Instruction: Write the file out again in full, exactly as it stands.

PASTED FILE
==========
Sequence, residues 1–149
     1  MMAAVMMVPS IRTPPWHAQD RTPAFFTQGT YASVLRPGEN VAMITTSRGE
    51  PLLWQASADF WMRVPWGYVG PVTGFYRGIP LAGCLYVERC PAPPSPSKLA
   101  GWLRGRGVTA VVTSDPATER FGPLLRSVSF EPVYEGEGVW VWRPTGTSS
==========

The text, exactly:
Sequence, residues 1–149
     1  MMAAVMMVPS IRTPPWHAQD RTPAFFTQGT YASVLRPGEN VAMITTSRGE
    51  PLLWQASADF WMRVPWGYVG PVTGFYRGIP LAGCLYVERC PAPPSPSKLA
   101  GWLRGRGVTA VVTSDPATER FGPLLRSVSF EPVYEGEGVW VWRPTGTSS